By Paul Rincon
BBC News Online science staff
Killer whales living off the west coast of the US are extending the length of their calls to each other to be heard above the din of heavy boat traffic.
When noise reaches a threshold, orcas make longer calls
The findings come from an analysis of killer whale, or orca, calls by British and US researchers which has been published in the journal Nature.
The orcas make longer calls when boats are present in an apparent attempt to be heard above the engine noise.
But the orcas only take this action when noise reaches a critical level.
The killer whales observed in the study came from a population that lives close to the shore in waters off Washington state.
There has been a sharp increase in the number of boats in the area over the past decade. A major commercial shipping lane cuts through the waters, while tourism and whale-watching have become increasingly popular.
Numbers of killer whales have been dropping here since 1996.
Researchers from the University of Durham, UK, and the Whale Museum in Friday Harbor, US, compared recordings of calls made by orcas over the periods 1977-81, 1989-92 and 2001-03 in waters made in the absence and presence of boats.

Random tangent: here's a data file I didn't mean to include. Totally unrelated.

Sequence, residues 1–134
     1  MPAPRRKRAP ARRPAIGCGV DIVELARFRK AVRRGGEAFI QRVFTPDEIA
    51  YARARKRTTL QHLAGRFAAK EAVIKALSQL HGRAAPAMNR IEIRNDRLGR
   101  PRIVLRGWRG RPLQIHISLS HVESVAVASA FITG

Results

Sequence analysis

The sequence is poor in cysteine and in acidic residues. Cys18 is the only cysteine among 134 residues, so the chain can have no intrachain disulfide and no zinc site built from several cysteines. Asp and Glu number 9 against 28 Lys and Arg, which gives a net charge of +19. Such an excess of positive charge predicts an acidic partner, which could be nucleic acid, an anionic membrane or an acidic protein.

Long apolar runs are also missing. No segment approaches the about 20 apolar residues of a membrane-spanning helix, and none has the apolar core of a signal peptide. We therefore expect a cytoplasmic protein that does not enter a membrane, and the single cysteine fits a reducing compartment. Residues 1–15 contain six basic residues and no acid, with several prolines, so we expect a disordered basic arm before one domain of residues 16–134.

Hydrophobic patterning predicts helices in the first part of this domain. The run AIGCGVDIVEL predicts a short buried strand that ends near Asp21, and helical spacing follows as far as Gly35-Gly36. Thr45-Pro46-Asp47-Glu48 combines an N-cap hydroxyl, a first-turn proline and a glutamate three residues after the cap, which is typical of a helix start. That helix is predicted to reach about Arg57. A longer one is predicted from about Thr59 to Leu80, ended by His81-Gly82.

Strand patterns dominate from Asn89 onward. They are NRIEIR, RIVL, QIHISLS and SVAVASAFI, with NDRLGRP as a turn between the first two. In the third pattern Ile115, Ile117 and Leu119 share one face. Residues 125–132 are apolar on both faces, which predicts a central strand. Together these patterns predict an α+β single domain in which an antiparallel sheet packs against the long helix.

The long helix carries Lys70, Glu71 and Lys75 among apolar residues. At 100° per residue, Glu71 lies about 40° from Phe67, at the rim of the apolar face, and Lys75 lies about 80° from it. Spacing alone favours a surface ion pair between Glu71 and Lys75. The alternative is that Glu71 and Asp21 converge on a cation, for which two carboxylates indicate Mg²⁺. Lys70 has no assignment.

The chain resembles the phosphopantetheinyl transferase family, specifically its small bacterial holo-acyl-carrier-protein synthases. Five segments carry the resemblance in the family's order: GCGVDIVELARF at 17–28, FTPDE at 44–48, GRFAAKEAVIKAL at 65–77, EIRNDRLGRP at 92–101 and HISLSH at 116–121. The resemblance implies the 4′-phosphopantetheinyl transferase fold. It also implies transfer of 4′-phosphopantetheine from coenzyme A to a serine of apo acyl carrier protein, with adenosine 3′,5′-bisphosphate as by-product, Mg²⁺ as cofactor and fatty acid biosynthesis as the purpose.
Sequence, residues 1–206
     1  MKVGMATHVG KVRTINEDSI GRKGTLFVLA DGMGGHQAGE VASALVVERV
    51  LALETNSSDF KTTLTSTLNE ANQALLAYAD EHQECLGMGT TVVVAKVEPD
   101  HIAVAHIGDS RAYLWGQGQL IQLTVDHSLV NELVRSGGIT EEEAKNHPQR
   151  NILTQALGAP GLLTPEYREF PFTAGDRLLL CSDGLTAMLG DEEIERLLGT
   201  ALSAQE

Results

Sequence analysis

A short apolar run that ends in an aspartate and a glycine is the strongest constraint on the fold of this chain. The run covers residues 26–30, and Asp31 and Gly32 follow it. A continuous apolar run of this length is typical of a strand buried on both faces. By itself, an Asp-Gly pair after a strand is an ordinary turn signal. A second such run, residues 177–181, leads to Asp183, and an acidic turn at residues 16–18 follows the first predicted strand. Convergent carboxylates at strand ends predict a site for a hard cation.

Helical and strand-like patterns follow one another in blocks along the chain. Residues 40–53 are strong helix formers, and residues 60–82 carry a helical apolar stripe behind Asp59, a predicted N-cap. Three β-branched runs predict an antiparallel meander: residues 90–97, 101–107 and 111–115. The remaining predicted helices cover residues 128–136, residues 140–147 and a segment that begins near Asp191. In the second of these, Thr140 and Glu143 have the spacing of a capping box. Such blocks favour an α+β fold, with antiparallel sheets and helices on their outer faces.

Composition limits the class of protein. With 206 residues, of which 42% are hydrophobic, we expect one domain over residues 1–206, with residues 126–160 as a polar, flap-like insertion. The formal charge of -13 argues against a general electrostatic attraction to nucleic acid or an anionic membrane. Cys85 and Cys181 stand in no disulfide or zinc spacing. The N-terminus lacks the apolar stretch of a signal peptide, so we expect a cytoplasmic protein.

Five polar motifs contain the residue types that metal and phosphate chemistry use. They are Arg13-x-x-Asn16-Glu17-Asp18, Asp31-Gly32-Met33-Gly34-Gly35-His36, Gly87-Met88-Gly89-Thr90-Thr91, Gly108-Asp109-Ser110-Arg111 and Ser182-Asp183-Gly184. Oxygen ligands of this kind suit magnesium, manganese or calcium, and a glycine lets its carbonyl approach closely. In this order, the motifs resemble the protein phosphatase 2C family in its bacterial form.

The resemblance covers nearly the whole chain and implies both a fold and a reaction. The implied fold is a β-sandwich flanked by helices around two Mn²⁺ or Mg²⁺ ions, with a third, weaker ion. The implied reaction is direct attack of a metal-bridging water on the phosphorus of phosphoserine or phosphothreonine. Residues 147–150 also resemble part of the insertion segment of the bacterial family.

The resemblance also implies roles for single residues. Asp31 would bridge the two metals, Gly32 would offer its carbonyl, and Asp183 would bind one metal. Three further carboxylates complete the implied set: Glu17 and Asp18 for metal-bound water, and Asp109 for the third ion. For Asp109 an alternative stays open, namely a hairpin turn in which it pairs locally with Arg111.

Although no significant difference was found in the length of calls over the 1977-81 and 1989-92 period, the team found a 10-15% increase in the duration of calls made by the orcas during the 2001-03 period.
This would appear to suggest that the whales are altering the length of their calls to be heard above the din of background noise from boats.
"The whale-watching vessels quite often act as a beacon attracting the tourist boats," co-author Andrew Foote of the University of Durham told BBC News Online.
"This increases the amount of traffic around the whales even more. While the whale-watching vessels behave responsibly - try not to start their engines up when they're on top of the whales and so on - the tourists aren't always aware of quite how to behave with the whales."
Orcas are declining in the coastal waters of Washington state (Image: Fred Felleman)
If the growth in boat traffic continues apace, it could start interfering with the orcas' ability to find food, says Mr Foote. The animals partly make calls to keep in touch, but also to co-ordinate foraging.
However, the researchers suggest that because the number of boats increased about fivefold between 1990 and 2000, the orcas only start making longer calls once boat noise reaches a threshold.
Numbers of boats following the killer whales, including registered whale-watching boats and private tourist boats, increased roughly fivefold from 1990 to 2000.